What are your dreams for Marrow? What do you see as your role in making those ambitions a reality?:
My long term vision for Marrow is for it to grow into a truly teen-led community hub for education, arts, and activism.
I also view it as vital that we continue to be diverse in the educational backgrounds of the youth who are involved here. I want a teen who may have dropped out and be experiencing houselessness to feel equally centered as a young person who’s enrolled in school and considers themself to be a successful student. I want to develop programming that is flexible enough and offers a wide enough range of ways to be involved, that it could either supplement other educational opportunities a teen may be involved in - or be their primary resource.
Some of the things I’d like to see in our ultimate home are:
Studio shops such as print shop, design/computer lab, wood shop, small metals shop - where youth would have the opportunity to take on real clients, with help from community mentors who would be co-working in these spaces.
A cafe, again as a training opportunity for youth, but also to create a space for community discourse.
An intimate venue for youth produced, all-ages events and shows.
A gallery/shop to present and sell their work.
Outdoor space for gardening/building/existing.
Private and shared studio/office spaces for both youth and established creatives.
I envision having a small full-time staff, but that a large part of the facilitating will come from rotating community members, and that much of direction will continue to come from our youth.
I see my role in Marrow’s growth as keeping my hustle at 100% and living my values. Putting myself out there - going to community events, meeting new people, talking about Marrow’s current form but also about our long-term vision. I can’t accomplish the things I listed above on my own - and Marrow can’t do it all on its own either. The people, projects, and organizations to collaborate and partner with to make this happen are all already in Portland. The people who will make this happen exist. They have these same dreams and are having these same conversations. We just all need to find each other.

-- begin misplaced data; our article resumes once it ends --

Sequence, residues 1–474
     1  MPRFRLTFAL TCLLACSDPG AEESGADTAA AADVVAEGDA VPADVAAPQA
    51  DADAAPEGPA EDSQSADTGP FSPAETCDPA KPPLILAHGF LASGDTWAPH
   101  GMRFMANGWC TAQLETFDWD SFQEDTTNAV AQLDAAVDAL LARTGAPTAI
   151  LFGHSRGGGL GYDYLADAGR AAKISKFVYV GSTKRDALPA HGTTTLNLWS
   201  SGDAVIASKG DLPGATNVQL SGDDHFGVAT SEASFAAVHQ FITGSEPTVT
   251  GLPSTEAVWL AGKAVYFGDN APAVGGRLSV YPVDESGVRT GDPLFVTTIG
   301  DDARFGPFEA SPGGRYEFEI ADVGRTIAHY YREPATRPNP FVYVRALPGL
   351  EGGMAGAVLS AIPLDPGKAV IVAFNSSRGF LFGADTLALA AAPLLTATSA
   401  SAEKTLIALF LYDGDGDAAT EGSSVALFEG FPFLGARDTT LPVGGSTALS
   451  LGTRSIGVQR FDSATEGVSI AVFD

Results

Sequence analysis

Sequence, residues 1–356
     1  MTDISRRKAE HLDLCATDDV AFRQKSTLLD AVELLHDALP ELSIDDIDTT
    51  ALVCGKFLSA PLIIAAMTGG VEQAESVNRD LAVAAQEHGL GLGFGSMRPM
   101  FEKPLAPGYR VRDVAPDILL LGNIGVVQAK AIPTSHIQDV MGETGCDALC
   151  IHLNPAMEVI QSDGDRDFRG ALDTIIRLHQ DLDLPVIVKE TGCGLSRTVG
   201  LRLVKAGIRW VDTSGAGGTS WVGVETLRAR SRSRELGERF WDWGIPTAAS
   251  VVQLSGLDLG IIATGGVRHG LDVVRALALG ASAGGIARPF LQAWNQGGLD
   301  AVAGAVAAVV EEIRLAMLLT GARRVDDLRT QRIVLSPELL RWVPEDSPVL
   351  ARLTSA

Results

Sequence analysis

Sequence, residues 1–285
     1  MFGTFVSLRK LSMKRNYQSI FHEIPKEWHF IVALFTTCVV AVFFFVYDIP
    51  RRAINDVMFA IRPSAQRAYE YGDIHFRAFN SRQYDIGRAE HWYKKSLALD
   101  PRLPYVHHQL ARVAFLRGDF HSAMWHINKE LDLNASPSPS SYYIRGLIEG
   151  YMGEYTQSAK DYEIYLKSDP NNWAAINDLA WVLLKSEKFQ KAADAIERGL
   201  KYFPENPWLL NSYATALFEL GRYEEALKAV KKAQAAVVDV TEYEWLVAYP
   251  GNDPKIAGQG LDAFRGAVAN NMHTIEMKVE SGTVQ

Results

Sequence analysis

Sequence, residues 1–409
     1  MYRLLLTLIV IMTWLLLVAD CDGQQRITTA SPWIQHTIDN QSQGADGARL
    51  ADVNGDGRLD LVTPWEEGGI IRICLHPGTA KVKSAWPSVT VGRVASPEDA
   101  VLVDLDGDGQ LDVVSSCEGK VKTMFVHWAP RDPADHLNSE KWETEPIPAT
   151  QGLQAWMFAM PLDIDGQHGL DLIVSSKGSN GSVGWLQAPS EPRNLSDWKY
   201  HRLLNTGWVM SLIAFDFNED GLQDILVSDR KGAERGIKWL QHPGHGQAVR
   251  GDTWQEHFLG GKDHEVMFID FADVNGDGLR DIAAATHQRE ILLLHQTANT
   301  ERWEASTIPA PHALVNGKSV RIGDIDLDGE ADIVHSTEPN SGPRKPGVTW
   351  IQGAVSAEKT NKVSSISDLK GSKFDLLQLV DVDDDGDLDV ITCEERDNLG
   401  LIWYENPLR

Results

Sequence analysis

Thinking of your personal goals, what do you hope to be doing in 5 years?:
I think about my life 5 years from now a lot, actually, because in January of this year Marrow signed a 5 year lease for the space in St Johns that we now occupy; so it represents a relatively firmly set pinpoint in my future.
We’ll be settling into the second phase of Marrow’s existence - whether that’s here or in a new space. Our youngest teens now will have grown into positions of leadership. We’ll have a strong community of youth, with their own opinions and stakes in Marrow’s identity. Our programming will be every day, we’ll be open long hours, and the things happening in the space will be progressive, innovative, and COOL!
On a personal level, I hope that I’ll have struck a good balance between Marrow and existing out in the world - hiking in the gorge with my pup, and taking long drives to odd roadside attractions or abandoned towns, and finding junk shops in middle-of-nowhere towns along the way.
One of the things that keeps me rooted is creating my own artwork, which the past few years this has taken the form of lost wax cast metal jewelry (you can find me on instagram @saltcircle). I hope to maintain this practice and continue in this context to collaborate with artists and writers who inspire me.
I would also like to return to academic writing- this blog hopefully being a step toward that - and be on the path to pursue a doctorate in something along the lines of an anarchist approach to education (is a PhD in anarchy an oxymoron?!)
I hope that I’ll have continued to grow my chosen family and have found more of those people who are out here in Portland dreaming the same dreams that I am.